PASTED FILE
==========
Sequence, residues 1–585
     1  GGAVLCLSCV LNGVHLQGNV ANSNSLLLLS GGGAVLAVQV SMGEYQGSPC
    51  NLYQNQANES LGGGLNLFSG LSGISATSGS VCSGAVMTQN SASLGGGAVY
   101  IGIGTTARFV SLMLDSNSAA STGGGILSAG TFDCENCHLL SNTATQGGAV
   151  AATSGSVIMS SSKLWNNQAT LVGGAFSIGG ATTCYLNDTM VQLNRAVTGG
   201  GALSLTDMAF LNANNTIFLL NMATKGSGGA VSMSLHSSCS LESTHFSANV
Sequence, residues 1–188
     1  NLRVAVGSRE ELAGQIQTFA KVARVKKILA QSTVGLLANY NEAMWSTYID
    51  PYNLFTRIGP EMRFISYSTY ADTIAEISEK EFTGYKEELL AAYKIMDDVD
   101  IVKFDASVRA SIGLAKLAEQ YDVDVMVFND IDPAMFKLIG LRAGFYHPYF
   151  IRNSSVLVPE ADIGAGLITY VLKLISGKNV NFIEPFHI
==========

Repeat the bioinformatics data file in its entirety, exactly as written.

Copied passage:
Sequence, residues 1–585
     1  GGAVLCLSCV LNGVHLQGNV ANSNSLLLLS GGGAVLAVQV SMGEYQGSPC
    51  NLYQNQANES LGGGLNLFSG LSGISATSGS VCSGAVMTQN SASLGGGAVY
   101  IGIGTTARFV SLMLDSNSAA STGGGILSAG TFDCENCHLL SNTATQGGAV
   151  AATSGSVIMS SSKLWNNQAT LVGGAFSIGG ATTCYLNDTM VQLNRAVTGG
   201  GALSLTDMAF LNANNTIFLL NMATKGSGGA VSMSLHSSCS LESTHFSANV
Sequence, residues 1–188
     1  NLRVAVGSRE ELAGQIQTFA KVARVKKILA QSTVGLLANY NEAMWSTYID
    51  PYNLFTRIGP EMRFISYSTY ADTIAEISEK EFTGYKEELL AAYKIMDDVD
   101  IVKFDASVRA SIGLAKLAEQ YDVDVMVFND IDPAMFKLIG LRAGFYHPYF
   151  IRNSSVLVPE ADIGAGLITY VLKLISGKNV NFIEPFHI